Former Springbok captain Jean de Villiers says it will be difficult to impose better player safety protocols without jeopardising the quality of the rugby product.
Following the horrific knee injury to England flank Jack Willis in Saturday’s Six Nations encounter against Italy, De Villiers said the incident was reminiscent of the career-defining one he sustained against Wales in 2014.
Speaking to the Telegraph, De Villiers said of the Willis incident: ‘When I saw the injury occur, I certainly had flashbacks because there were so many similarities in the way that it happened and the pain that immediately occurs post that.
‘They are not happy memories. I just feel so bad for him because I know what he is going through and how long the road is to recovery. My thoughts are with him right now.
‘If I remember it correctly, I was cleaned out by Taulupe Faletau from my left-hand side and as he cleared me quite low it straightened my left leg. Then the weight came more side-on and another two guys were cleaning from the right hand side. The two forces from both sides, I just could take the weight and everything collapsed.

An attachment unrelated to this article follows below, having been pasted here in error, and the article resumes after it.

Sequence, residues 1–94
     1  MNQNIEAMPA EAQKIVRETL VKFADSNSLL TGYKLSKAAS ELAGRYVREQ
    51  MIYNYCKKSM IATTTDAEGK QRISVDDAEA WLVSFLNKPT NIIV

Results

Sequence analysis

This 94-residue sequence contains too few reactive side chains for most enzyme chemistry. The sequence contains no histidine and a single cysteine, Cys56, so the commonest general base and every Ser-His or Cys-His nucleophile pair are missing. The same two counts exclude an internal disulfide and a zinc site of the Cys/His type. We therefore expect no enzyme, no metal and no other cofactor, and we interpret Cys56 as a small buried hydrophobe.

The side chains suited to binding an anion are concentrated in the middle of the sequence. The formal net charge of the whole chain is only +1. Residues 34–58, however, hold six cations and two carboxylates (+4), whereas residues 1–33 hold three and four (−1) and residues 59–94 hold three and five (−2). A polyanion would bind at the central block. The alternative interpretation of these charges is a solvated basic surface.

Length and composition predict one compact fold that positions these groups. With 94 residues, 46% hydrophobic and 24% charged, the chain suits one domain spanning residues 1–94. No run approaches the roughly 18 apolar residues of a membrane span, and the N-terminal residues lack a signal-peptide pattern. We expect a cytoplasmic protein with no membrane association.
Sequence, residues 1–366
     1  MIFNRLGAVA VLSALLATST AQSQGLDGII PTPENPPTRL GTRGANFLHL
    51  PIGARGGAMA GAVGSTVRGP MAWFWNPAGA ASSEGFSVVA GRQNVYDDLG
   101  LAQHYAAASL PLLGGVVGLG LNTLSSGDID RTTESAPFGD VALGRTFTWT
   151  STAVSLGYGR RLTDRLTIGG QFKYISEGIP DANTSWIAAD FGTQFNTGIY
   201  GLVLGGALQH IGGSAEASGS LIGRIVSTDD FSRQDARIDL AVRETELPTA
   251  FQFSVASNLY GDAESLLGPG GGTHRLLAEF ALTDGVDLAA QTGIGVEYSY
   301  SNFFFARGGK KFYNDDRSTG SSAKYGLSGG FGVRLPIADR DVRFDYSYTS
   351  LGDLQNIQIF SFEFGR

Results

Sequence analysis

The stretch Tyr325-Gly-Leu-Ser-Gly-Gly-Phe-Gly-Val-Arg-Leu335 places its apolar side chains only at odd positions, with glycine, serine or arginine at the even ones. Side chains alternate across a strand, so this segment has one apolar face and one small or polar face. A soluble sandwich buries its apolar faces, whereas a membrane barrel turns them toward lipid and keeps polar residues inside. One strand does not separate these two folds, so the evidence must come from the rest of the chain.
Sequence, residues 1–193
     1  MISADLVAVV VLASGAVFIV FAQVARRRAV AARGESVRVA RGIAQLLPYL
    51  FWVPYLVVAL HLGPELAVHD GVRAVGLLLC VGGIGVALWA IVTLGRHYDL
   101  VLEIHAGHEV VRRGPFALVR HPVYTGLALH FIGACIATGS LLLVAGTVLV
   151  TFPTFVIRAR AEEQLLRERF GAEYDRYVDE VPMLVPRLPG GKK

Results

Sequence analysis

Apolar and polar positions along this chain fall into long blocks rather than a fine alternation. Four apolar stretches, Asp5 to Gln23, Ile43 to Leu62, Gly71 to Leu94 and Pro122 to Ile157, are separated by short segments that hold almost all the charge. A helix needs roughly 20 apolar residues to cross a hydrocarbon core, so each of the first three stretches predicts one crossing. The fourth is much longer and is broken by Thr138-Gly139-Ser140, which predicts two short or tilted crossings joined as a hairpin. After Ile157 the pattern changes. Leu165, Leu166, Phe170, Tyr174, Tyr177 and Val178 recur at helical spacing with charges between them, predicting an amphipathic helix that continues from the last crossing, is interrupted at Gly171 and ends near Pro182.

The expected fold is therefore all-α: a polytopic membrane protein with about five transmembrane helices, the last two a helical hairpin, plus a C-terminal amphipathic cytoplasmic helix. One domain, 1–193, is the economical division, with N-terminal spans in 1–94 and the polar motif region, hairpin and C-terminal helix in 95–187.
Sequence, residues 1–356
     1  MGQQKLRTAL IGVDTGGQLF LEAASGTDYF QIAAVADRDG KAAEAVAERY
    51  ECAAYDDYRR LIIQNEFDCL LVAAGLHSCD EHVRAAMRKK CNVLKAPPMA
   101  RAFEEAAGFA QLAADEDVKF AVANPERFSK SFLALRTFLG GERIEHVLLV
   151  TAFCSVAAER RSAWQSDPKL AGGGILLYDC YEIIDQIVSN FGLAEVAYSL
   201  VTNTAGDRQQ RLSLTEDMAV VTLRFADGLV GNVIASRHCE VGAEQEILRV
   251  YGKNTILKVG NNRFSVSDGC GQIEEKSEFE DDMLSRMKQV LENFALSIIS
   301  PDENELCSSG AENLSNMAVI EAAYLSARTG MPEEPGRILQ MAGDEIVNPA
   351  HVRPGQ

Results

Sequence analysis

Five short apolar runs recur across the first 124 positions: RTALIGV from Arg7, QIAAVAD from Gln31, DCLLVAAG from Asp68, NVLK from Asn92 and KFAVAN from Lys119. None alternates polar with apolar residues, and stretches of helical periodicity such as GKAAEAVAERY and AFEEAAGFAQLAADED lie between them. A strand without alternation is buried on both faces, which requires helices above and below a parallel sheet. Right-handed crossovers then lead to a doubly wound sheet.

‘Sometimes in rugby, it is just the force plus the angle plus bad luck and you find yourself in a bad position.
‘I did my ACL, PCL, MCL, dislocated my patella, tore VMO muscle off and a hamstring. The rest of the knee was fine, but I had run out of body parts.’
But while De Villiers says he is all for the improvisation of player safety and protection at the breakdown, he believes there’s no clear and obvious way solution to police the breakdown.
‘In terms of clearing out and protecting the jackal, the head area is a no-go and rightly so. Your target area has become so small in terms of clearing out a player that it is so easy to get it wrong whether it is a head contact or a crocodile roll. We want to protect players but how do you do that and not jeopardise quality of product?’ he questioned.
‘I don’t have answer to that. It is so difficult because there are so many variables. The player jackalling moves a couple of centimetres, gets it wrong and it can be a big injury. The decisions that the governing body has to make on and off field are very, very difficult.’